Lead researcher and consultant, Scottishpotatoes.org, a partnership of SRUC, James Hutton Institute and SASA.

Who knows what a normal potato season looks like? But we can be sure it doesn’t look like 2021 and we have only just started.

A long hard winter was appreciated, reducing aphids to low numbers and hopefully getting on top of groundkeepers in fields where the frost could get to them. But the cold and dry weather continued into April.

With excellent soil conditions many growers planted crops into cold seed beds with the expectation of warmer weather just around the corner. But it just didn’t happen and the seed tubers just sat there.

Many began to question whether they would have been better in the shed, rather than planted in the field.

April turned into May and the weather remained cold, soils still barely above the usually recommended soil temperature for planting of 7°C. Then it got wet. Very wet. And all action ground to a halt for several weeks.

Meanwhile, the crop sat in cold, wet fields. Thankfully, conditions finally improved towards the end of the month and most have now completed their planting. A long hard slog for many.

What will be the outcome from this extended planting season? We have, in effect, two crops planted this year. The early crop, which took longer to emerge than any crop I have ever known and the later crop which will hopefully grow fast in an attempt to catch up.

The early planted crop will need attention. Herbicides have been delayed and crops could be damaged by residual and contact herbicides. Not ideal for a crop that's taken long to emerge.

The long slow emergence is also ideal for development of some diseases and crops need to be inspected to understand what’s happening. Look for rhizoctonia exhibiting itself as dark brown lesions on stems below ground, sometimes pruning through the stem completely and leading to gappy, uneven crops.

Another issue we are likely to see more of is free living nematodes (FLN) feeding damage, especially as Vydate granules (oxamyl) were withdrawn for use abruptly in December.

The slow emergence and moist conditions are ideal for these nematodes to feed on roots and stems. If you find light-brown coloured, often thickened, or distorted roots and stems it could well be FLN feeding damage.

Blackleg is also well known to be worse in waterlogged soils and we can expect to see more of this disease. Early planted seed crops could well see roguers kept busy.

Even in crops which have emerged largely unscathed from disease, we are seeing more variation in emergence than usual. This will make timing of all applications more difficult.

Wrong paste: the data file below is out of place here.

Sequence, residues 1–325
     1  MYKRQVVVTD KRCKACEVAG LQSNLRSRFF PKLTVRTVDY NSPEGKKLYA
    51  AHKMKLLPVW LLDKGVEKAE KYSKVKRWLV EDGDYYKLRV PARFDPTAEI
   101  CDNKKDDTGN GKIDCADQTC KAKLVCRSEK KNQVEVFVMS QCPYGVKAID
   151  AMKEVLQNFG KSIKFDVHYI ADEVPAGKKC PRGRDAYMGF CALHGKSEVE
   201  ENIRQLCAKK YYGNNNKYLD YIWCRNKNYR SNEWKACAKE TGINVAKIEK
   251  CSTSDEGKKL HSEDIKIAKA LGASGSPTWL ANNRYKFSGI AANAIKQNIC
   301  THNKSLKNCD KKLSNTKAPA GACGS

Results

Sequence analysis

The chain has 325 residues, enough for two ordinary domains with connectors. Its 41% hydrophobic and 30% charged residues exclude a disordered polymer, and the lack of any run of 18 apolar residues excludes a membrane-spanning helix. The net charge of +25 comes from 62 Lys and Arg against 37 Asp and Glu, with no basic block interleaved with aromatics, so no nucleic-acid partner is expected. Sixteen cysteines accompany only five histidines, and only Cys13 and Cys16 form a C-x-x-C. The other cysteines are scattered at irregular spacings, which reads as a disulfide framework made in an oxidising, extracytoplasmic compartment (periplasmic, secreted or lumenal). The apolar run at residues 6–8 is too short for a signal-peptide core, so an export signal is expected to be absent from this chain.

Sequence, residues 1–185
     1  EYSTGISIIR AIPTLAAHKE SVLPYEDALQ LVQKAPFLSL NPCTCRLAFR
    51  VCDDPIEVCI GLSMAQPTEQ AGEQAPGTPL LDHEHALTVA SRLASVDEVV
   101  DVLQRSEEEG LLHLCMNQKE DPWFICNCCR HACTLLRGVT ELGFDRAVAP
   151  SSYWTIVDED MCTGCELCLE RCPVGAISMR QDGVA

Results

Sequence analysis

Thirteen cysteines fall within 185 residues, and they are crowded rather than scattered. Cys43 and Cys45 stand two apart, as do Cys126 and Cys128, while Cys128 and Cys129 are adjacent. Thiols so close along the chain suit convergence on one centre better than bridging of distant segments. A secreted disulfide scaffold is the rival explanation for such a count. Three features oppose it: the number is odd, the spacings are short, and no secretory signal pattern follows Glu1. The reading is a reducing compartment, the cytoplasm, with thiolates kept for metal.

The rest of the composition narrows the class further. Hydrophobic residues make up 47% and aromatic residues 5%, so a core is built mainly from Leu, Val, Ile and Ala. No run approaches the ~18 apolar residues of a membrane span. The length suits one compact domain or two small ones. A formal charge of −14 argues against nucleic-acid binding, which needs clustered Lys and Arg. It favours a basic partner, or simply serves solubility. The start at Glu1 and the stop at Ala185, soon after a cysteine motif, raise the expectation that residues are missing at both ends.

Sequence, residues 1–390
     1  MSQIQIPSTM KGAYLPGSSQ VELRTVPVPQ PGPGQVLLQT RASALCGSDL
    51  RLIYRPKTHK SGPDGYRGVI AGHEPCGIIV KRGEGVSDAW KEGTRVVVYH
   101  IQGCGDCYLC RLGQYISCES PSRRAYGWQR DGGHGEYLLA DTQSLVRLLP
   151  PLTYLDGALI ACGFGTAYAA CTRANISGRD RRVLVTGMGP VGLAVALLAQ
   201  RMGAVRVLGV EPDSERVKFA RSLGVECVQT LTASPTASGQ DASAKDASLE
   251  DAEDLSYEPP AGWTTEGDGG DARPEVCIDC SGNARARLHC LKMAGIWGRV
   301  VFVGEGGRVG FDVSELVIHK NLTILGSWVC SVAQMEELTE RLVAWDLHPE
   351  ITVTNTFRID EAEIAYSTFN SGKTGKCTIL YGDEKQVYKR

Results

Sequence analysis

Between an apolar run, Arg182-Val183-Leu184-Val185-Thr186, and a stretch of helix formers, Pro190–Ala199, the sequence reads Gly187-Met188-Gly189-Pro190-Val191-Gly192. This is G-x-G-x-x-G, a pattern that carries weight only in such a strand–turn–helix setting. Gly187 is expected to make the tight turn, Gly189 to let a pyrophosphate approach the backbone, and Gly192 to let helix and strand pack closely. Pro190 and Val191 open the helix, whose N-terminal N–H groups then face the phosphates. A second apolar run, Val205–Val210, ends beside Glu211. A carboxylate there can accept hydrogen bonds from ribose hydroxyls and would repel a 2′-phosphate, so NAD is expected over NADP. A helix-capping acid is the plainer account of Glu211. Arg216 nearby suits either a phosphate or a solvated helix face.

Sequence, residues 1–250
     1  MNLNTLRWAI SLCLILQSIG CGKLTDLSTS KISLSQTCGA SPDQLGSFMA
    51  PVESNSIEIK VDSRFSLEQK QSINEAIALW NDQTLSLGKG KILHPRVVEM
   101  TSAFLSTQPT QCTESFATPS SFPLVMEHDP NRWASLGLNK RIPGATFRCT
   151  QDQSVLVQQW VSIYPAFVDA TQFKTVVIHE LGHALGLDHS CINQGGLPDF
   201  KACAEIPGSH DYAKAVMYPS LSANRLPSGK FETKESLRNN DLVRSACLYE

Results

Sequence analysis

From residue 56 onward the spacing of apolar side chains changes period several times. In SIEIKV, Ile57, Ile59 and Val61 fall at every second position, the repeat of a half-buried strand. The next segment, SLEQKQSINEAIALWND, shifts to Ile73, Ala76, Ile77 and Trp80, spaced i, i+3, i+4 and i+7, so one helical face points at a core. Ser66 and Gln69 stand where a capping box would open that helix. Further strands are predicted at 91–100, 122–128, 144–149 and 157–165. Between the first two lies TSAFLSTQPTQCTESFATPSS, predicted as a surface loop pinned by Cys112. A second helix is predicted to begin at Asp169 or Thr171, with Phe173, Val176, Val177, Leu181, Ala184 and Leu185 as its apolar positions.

Perhaps most important for prepack growers, irrigation is even more difficult. There has been a lot of Maris Piper planted this year – this variety has many weaknesses, but most important is susceptibility to scab.

Irrigation to field capacity is needed to keep on top of common scab. Usually it is required for four weeks from tuber initiation, but in 2021 with crops emerging less evenly, it might be six weeks before the risk phase passes.

That might mean an extra three passes! More cost and simple hard graft. Growers relying on rainfall (ie luck!) for control, need to be even luckier than usual!

What are the prospects for the later planted crops? We hope these emerge quickly into warm conditions and sunny weather. But day-length will start shortening soon and some of the best days to photosynthesise will be past.

These crops are also likely to be emerging into an environment with aphids and blight ready to infect unprotected foliage.

Long-term trials in Aberdeen show the optimum date for planting sits around mid-April. There is a small reduction in yield potential entering May but it is not until the second half of the month that there is a noticeable decline. Unfortunately, June planted crops have even lower yields.

To an extent this can be offset, particularly in seed crops by burning down a little later. The effect on tuber numbers is unknown as yet. This is largely influenced by conditions during initiation.

Only a fool would forecast the outcome for the 2021 crop, but I’m expecting more problems and quality issues than usual and few bumper yields. For those who want to see a silver lining, a late season appears to have tightened the market!